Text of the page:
Poultry Protests and Offers to Buy The Mets

Martin Silver has made a mint peddling low-end vodka, think plastic handles with faux-Russian names, and would like to put some of that money toward bailing out Fred Wilpon. The Mets owner lost a bundle in a Ponzi scheme and Silver wants to make sure that the team doesn't fall into the wrong hands.

The one business that's likely to be booming so long as the rest of the economy is stuck in the mud is the low-end liqour game. Given Wilpon's propensity for investing in fraudulent hedge funds, that kind of cash infusion could come in pretty handy. If Wilpon does need to sell all or some of his stake in the team, he could do worse than a Long Island native and 25-year season ticket holder.   

Lest you think this is just the bold action of a concerned fan, though, Silver and Wilpon have a backstory that goes beyond the owner's recent financial troubles. Silver was not a fan of the team's decision to part ways with manager Willie Randolph. The Daily News reports that "Silver sent Wilpon five whole chickens to express his displeasure over" Randolph's firing.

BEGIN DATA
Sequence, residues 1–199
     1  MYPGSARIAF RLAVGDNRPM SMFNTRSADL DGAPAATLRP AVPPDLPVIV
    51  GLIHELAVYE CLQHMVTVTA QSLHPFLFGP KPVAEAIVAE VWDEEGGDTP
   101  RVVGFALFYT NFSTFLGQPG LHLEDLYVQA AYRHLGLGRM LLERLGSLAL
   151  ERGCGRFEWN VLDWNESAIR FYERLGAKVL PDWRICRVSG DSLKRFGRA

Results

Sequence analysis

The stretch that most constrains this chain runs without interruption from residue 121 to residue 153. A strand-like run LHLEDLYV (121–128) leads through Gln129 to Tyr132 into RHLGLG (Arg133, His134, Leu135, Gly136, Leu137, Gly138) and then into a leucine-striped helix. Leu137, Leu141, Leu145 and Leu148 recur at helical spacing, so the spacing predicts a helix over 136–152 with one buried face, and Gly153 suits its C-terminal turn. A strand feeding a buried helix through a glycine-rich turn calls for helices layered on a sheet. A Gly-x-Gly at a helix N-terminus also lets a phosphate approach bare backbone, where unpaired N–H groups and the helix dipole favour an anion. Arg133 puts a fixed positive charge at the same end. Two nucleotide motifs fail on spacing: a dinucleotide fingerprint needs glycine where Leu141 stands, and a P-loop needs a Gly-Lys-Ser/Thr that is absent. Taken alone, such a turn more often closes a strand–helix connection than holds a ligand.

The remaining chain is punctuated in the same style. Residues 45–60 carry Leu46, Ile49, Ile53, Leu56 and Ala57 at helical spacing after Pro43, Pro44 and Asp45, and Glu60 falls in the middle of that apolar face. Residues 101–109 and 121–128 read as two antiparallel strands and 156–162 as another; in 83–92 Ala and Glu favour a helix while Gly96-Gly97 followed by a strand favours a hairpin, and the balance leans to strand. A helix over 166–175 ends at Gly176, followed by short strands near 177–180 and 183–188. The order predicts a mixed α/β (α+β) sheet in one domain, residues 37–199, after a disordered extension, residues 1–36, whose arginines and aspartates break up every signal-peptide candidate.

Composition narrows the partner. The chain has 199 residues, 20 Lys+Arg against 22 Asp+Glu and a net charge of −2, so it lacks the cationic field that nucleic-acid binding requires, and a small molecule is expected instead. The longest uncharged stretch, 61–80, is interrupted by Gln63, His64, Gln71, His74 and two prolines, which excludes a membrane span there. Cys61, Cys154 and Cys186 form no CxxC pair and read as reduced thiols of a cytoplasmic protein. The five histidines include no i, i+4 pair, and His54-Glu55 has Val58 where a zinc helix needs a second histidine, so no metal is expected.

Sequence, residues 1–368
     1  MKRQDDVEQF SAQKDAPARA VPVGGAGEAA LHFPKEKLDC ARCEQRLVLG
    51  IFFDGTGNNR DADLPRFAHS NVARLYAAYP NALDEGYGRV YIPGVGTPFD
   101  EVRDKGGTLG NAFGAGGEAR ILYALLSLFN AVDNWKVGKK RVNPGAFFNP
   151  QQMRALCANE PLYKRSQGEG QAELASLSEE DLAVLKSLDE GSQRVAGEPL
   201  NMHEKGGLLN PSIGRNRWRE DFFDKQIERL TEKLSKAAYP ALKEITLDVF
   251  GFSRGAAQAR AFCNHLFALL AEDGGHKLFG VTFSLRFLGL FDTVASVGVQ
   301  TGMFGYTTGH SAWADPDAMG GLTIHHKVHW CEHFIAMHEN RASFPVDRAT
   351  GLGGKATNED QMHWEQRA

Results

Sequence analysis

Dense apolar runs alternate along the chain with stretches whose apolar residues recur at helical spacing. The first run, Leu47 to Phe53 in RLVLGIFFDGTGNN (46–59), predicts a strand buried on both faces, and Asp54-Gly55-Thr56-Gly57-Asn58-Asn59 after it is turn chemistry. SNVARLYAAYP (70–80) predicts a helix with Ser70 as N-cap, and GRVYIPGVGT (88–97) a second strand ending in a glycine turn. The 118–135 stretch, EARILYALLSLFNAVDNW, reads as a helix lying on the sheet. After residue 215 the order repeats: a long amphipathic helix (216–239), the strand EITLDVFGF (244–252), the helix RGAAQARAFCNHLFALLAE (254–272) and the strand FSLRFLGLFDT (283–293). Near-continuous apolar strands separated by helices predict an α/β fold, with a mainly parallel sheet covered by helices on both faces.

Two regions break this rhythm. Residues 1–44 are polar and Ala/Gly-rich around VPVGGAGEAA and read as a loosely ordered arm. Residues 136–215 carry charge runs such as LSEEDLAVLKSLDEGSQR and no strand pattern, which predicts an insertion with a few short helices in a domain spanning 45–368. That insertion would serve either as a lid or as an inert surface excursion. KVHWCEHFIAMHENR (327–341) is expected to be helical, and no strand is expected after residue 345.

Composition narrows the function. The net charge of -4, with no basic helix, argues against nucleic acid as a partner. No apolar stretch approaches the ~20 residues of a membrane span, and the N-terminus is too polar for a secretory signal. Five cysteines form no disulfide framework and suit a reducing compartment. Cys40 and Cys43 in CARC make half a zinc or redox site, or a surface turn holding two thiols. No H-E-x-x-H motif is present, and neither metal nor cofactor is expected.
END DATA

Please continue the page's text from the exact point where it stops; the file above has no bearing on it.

What's the message behind five whole chickens? Does it mean that Wilpon is chicken for firing Randolph? Jon Bois of Mouthpiece Sports reasons Silver spent a little bit too much time sampling his own Georgi vodka. We're all familiar with drunk dialing and it's more contemporary cousin, drunk texting.

Silver's from a different time, though, when rates made frivolous phoning prohibitive and people would drunk mail the objects of their disaffection. Usually it would just be a strongly worded letter, but the further you moved down the chain of beverage quality the more things you'd find in the mail. For example, Harry Truman once received soiled gloves and a spoiled bottle of milk after a moonshine-addled gentleman heard him speak in Abilene, Texas. Silver's just keeping an analog tradition alive in a digital world.

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